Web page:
You previously mentioned that “everybody knows the Wale saga.” When you look back on that now, how do you…

The irony in that is that everybody knows [the Wale saga], but the people that really know me, know that I’m just misunderstood. I always wanted to be this likable guy, but it’s like no matter what I do, I’m never going to be perceived as that. It’s just not in the cards for me. I’m a little awkward. I stepped off in the middle of the interview—not to be rude—but I just stepped off. I can’t control it. I’ll just leave. I almost want to get up there and holler [at those dudes over there] eating and come back.

I have a bad memory, I don’t remember everybody. I’m not good at that. J. Cole will remember everybody. People love J. Cole because of that. But I’ve gotten such a bad rap like, “Wale has a bad attitude.” It’s not that. I’m just very to myself, I think 24/7, I don’t remember people, but I love the shit out of all these people. I obsess over the Complex’s, the XXL’s, the RapRadar’s, the 2DopeBoyz. I obsess over their appreciation for what I’m doing because I feel like what I’m doing is great. When people don’t think it’s great, I’m like, “Why? How? We heard the same things?” And I just got the tag as “the guy who complains.” It’s just, I’m very passionate. The same way I defend my shit, I defend other music that I like in closed circles. And I’m also the dude who might flip out on somebody on Twitter. I’m a real person. That’s one thing you can’t say about Wale, that he’s going to give you a fake Wale. And I feel like one day my music is going to have that impact because I’m so passionate about my fans and about the genre. It’s just so polarizing when you’re in it. It’s like, “How is niggas looking at us right now? Are we winning?” Sometimes when you’re winning you don’t even get to enjoy it because you didn’t even know you were winning this whole time.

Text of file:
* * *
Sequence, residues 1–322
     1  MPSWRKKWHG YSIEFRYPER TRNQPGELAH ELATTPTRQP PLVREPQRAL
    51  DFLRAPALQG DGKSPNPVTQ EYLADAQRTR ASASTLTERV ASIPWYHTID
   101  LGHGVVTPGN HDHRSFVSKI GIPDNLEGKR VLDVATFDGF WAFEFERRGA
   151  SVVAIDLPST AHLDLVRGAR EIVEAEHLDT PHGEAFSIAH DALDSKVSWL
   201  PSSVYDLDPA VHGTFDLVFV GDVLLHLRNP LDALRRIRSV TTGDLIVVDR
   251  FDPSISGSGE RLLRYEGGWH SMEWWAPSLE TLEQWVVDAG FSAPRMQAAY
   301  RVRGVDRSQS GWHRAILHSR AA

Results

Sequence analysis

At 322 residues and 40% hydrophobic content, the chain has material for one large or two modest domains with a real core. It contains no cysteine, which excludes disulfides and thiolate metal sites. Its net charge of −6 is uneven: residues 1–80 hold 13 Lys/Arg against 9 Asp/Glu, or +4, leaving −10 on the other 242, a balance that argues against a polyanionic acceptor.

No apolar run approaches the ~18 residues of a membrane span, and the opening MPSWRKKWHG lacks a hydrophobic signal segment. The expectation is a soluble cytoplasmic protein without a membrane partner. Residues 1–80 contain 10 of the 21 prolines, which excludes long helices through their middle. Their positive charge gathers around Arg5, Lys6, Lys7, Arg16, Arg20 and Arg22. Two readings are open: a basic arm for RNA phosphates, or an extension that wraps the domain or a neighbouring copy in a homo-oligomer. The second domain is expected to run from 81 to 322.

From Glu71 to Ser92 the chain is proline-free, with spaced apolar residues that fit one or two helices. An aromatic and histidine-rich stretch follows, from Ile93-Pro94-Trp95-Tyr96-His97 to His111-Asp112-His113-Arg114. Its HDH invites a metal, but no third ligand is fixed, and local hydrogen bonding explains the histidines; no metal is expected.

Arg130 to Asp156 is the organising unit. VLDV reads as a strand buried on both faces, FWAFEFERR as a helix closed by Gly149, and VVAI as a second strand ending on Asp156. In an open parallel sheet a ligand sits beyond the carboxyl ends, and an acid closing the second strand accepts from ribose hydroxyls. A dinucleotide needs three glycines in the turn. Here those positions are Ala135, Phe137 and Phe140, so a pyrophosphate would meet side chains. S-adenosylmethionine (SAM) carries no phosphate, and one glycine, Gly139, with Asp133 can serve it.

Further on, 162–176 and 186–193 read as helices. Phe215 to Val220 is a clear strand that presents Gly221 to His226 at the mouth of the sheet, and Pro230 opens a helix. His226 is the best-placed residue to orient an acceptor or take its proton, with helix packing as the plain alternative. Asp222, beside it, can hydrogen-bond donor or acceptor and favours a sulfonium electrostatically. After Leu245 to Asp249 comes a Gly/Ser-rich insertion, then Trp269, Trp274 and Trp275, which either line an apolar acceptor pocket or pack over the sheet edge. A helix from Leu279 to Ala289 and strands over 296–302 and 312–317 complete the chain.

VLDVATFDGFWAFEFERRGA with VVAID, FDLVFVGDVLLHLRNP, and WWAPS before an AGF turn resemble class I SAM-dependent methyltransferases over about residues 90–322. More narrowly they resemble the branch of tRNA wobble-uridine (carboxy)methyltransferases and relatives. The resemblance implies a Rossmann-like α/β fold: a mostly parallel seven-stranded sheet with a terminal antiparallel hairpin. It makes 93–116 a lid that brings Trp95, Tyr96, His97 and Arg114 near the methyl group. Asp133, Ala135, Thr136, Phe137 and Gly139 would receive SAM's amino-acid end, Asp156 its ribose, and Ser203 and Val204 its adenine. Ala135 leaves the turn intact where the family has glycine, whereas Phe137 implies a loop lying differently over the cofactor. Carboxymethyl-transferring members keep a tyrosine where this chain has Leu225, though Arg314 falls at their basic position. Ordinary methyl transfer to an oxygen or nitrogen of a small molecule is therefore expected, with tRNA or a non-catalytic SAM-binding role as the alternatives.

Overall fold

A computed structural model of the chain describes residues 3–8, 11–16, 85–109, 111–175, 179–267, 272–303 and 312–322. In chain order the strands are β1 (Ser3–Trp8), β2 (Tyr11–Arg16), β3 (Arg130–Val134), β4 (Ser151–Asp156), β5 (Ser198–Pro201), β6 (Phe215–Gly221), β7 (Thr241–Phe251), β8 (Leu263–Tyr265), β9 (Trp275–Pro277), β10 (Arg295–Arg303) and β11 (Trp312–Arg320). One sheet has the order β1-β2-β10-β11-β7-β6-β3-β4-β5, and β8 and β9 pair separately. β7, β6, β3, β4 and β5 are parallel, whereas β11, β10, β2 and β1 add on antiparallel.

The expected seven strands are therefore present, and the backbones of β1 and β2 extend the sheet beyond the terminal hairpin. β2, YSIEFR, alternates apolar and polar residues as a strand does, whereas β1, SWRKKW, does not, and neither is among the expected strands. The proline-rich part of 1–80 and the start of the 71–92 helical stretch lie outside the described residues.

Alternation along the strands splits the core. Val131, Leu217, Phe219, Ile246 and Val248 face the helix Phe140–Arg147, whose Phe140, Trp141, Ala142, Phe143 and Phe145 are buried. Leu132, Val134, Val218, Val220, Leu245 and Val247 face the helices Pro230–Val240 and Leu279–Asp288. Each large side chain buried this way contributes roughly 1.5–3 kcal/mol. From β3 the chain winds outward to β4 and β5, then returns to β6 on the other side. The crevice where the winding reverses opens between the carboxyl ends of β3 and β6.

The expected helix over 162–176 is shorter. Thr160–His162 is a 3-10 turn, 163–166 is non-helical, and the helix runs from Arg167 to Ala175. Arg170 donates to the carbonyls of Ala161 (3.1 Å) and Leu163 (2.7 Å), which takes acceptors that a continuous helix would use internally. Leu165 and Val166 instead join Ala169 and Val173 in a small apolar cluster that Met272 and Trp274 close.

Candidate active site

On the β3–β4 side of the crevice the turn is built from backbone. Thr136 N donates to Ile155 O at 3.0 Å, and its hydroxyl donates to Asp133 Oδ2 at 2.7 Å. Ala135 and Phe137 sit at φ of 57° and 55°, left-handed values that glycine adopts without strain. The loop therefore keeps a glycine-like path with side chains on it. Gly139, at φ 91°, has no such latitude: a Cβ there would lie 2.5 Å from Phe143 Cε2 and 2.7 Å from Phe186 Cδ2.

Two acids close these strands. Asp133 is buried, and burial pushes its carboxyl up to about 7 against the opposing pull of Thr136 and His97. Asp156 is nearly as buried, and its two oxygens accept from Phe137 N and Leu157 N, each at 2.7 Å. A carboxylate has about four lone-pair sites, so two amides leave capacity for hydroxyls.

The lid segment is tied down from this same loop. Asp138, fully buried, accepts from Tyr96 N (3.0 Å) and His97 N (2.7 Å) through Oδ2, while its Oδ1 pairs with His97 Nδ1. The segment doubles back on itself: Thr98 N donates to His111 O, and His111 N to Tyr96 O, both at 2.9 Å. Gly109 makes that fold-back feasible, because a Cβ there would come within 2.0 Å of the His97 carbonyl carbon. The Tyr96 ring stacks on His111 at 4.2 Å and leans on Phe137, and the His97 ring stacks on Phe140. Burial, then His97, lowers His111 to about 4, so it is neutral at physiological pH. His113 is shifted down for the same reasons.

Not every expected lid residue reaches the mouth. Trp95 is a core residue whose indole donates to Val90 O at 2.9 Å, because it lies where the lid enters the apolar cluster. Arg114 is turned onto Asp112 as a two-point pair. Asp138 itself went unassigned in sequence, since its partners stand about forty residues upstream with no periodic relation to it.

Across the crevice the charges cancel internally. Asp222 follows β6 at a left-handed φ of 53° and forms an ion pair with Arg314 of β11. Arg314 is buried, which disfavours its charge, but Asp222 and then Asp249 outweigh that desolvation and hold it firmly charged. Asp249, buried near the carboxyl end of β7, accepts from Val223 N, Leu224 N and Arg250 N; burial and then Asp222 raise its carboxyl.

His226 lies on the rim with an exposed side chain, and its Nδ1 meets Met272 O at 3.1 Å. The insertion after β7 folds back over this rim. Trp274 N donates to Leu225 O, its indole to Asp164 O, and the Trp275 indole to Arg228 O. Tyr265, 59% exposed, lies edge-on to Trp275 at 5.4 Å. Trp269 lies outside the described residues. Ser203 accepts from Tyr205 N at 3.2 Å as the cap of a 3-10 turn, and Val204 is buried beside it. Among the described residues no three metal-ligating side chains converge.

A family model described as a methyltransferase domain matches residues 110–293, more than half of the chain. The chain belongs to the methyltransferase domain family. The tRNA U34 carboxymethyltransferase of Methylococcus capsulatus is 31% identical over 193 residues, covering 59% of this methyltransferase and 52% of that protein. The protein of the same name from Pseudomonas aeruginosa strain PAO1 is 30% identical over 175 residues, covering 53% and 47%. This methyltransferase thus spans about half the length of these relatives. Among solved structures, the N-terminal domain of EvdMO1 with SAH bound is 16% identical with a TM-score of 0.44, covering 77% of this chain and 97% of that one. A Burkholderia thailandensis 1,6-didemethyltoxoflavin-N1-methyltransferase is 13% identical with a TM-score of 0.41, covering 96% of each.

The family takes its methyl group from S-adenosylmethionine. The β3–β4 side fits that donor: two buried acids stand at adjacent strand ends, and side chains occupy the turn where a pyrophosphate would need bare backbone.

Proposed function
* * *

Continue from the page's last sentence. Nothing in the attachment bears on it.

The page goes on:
Do you feel like you’re winning now?

I feel like my fans are supporting me right now, and as long as they do that, I’m always going to be winning.

Was there ever a time when you felt like you were losing?

When 28,000 records first week came out, for that week I did. But then I realized it had nothing to do with my fans. It was a poor layout, like they didn’t put none out. Now we’ve flipped that into like 210,000 sold.

Do you still have that fear though? What if your next album does the same number?

Ain’t no fear because I know I’ve connected with the people this time. It ain’t going to do what Attention Deficit did, there’s no way. I could do that in a couple hours.